Corbyn’s consideration of this is that if we borrow more money all will be well!

If he wins then I am in a group that will benefit out of all proportion – the elderly.  Just need to get assets abroad and I can live comfortably with a trickle of repatriation of those assets.  I can even use them to have my sons send food parcels in from abroad!  If not food then something that has a good exchange value.

It is obvious: digging inside a hole does not get you out, getting help from someone with a bigger spade does not improve your prospects

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Is that a castle I see?

Posted by chrisrick13 on September 10, 2015

It is obvious: you want to own your own home

The housing market is a market but one that is heavily interfered with by government.  ‘Market forces’ simply does not apply.  There are huge lurches in price (not value) as all the interference does not dampen and stabilise but runs positive feedback and creates chaos.  Who cares?  A house is where you live and whatever the cost now is irrelevant because you are in it.  The problem comes if you have to sell and the ‘market’ has moved against you or your circumstances change and you can no longer afford to own it.

If the price oscillates it is difficult to see if there is a trend in house prices but you can work out what ‘forces’ might apply to influence the trend.  It is not important to home owners as they are in their home.  However it is important to people who are retiring and have hopes that some of the value of their house will provide income in their retirement.

A word of warning.  All the house price numbers need to be considered either as absolute numbers or inflation adjusted.  That makes it tricky as there are so many inflation numbers many of which are dodgy at best.  I wonder if that is deliberate by government?  The average price of a house according to Halifax in mid-2007 was about £200,000 and in 2012 dropped to about £160,000.  That is a fall of about 20%.  Over that period inflation was about 20%.  So in 2007 terms that average house was worth only about £130,000.  This is a drop of about 35%.  From that low it has gone to about £200,000 which is about…£150,000 in 2007 terms.  Not good from an investment perspective but  given the negative interest rates on bonds actually not bad for the last couple of years!  You still have to be in the right part of the country as the average only applies to a few houses in the country!

Assume that there will be some large dislocations in the economics of this country what will be the trend for house prices?  Bear in mind that one of these dislocation might be exchange rates of the GBP.  So you have to stand in this country as your house will!

We have to build another 20 million houses over the next 20 years to hold the increase in population needed to get GDP growth that will enable the country to service its debts.  Yeah.  The likely projection of UK population growth against the current rate of building sees this country short of 3 million houses over the next 10 years.  Provided there is not a breakdown and collapse of this society it means that demand will be much more than supply.  Prices will go up but might not go up in real terms.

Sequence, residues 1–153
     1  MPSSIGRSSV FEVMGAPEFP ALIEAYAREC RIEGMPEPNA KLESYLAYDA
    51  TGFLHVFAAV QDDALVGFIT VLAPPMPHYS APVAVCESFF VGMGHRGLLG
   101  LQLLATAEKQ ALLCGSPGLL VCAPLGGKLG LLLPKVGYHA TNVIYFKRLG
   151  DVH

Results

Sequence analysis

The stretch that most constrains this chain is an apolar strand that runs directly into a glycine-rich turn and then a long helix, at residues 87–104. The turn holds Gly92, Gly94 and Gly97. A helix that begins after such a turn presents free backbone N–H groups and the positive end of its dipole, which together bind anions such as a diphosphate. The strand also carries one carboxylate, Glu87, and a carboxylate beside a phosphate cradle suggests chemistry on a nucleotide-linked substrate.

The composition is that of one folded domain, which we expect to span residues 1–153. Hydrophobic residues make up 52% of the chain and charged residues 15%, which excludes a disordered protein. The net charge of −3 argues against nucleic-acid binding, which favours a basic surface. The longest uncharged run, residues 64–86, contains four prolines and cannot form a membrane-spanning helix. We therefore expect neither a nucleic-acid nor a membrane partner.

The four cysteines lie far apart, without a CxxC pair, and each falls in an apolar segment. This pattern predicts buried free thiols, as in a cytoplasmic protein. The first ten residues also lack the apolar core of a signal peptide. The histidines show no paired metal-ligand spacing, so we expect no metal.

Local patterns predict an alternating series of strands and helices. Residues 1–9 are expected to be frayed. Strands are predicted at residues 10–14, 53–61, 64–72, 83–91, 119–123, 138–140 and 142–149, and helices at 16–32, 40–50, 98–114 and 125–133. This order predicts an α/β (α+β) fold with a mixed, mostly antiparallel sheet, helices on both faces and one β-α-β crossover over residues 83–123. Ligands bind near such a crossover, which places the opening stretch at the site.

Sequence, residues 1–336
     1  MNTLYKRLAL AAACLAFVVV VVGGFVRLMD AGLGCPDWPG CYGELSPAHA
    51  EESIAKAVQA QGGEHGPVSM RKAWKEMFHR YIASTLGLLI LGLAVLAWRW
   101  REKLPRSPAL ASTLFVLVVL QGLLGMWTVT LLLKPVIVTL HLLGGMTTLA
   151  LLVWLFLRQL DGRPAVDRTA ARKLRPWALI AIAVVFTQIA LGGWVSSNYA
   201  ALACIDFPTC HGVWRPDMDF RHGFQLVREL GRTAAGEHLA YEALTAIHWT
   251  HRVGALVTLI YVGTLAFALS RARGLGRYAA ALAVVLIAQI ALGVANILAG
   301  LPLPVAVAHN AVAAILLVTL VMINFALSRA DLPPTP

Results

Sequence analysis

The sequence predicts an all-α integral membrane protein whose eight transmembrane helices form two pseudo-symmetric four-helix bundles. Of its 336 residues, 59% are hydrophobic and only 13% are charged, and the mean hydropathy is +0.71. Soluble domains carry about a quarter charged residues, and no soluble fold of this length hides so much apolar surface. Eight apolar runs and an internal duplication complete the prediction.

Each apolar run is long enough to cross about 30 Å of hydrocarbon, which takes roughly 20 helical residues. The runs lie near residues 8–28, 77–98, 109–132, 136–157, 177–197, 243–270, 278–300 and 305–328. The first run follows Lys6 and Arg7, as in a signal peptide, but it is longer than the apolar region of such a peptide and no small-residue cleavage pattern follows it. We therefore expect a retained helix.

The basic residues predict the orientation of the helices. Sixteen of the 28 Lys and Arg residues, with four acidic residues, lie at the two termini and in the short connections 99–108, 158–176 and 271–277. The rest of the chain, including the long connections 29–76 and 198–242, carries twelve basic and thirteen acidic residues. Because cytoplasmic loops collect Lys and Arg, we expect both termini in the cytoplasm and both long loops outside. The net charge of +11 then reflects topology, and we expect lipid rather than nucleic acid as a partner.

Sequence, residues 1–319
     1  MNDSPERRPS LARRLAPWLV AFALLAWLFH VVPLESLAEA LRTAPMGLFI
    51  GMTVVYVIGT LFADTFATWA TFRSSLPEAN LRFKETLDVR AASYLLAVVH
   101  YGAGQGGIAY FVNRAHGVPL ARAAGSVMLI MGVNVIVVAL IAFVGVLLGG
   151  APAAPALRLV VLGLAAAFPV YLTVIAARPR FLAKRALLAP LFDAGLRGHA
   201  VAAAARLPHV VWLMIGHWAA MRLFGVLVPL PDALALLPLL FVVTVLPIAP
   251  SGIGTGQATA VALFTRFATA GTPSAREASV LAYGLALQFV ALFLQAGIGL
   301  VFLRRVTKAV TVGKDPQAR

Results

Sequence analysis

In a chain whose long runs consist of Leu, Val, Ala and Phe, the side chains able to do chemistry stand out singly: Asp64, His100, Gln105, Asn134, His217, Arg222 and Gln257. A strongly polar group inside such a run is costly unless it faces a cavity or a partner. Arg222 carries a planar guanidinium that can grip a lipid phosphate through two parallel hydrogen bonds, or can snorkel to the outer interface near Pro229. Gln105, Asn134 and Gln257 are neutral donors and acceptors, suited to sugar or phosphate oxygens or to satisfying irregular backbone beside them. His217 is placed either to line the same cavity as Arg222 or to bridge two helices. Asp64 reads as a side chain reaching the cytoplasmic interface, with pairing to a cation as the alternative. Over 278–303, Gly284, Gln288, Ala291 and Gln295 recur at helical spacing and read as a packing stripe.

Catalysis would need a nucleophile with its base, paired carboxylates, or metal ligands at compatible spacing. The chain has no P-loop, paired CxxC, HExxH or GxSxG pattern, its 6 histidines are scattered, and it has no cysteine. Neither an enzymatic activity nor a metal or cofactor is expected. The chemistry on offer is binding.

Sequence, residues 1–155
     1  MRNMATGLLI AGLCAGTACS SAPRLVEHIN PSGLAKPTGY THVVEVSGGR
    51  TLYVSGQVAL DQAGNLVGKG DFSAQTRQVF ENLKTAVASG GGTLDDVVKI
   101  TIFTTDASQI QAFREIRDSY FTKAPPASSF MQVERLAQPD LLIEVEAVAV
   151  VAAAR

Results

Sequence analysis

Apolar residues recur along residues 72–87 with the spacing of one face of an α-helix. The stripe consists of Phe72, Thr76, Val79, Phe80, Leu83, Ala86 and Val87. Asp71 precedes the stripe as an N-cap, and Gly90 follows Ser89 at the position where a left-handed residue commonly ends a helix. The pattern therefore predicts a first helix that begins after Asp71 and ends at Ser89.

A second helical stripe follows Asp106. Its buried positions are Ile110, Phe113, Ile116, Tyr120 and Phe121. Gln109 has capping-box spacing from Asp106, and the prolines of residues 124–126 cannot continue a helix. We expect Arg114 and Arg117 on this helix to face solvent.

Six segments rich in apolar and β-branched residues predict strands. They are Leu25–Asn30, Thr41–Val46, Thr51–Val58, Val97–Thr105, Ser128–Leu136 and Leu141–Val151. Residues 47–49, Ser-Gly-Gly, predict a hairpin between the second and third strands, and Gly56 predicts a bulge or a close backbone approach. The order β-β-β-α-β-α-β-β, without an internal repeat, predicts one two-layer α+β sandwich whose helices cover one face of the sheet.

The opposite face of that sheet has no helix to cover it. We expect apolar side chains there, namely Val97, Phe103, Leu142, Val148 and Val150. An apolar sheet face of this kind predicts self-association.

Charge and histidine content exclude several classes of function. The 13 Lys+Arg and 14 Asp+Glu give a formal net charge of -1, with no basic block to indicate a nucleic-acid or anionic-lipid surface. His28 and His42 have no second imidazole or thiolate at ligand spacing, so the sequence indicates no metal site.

It means that the people who drive the market will less and less be able to enter the market at the bottom.  Indeed they will not want to.  This implies that large rich entities will buy these houses and rent them.  This is akin to feudal lords owning everything and letting peasants live in houses on their land if they work for the lord 24/7 – i.e. pay rent.  Will our society stand for that return to the middle ages?

If you have property beyond your home then probably hang on to it even in the face of tax increases.  It is going up in value.  It should not but I am no Canute.  There is at least a year in this bubble and probably more.  It will turn quickly when it does though.

It means that property you own has become a gamble.  The same as all assets that you might own.  Maybe owning a debt is better…?

It is obvious: you want to own your own home and you need the people around you to do the same

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I still hate the BBC!

Posted by chrisrick13 on September 2, 2015

It is obvious: there is a lot north of the border

Yesterday in the car I had PM or some-such on the radio.  The SNP education minister was being questioned.  They were trumpeting their education initiative including the re-introduction of testing to determine how children were progressing.  She was asked why the SNP had supported the stopping of testing in the coalition with Labour in 2004.  She answered a completely different question!

I almost pulled to the side of the road better to listen to the wings being pulled off this odious fly when the question was repeated.  But no, the interviewer moved on to another question!  Do they have no killer instinct?  Paxman did.  I think that perhaps they don’t listen to the answers.  An opportunity to make politicians more honest and more accountable.  What an easy tactic: answer any question you like if you don’t like the one that was asked.

That put in mind the SNP economic promises based on £11bn a year net oil revenue at the time of the referendum.  Of itself that figure was always under question.  The spending and funding of £11bn was based on a $120 a barrel oil price.  Today the UK (sic) government is subsidising Scottish oil production at the level of £1.5bn a year at the $45 price.  Were Scotland independent how would it fund not an £11bn input but a £1.5bn outflow?

The oil price will not stay this low forever but it has done a year and at least another year is very likely – more is quite possible with a global downturn in activity and new producers coming to the market (Iran, improved fracking techniques).  Could Scotland withstand 2 or 3 years of no income?

When the oil price does inevitably rise how much oil will there be for Scotland to drag out the ground and how much will each barrel cost to produce?

I wanted shot of Scotland but to my annoyance I think that the whole is greater than the sum of the parts.  Given the chance I would still have voted YES to independence.  There are too many rugby defeats for me ever to like Scotland.

It is obvious: there is a lot north of the border: heather, mountains, water, sheep, rain, snow…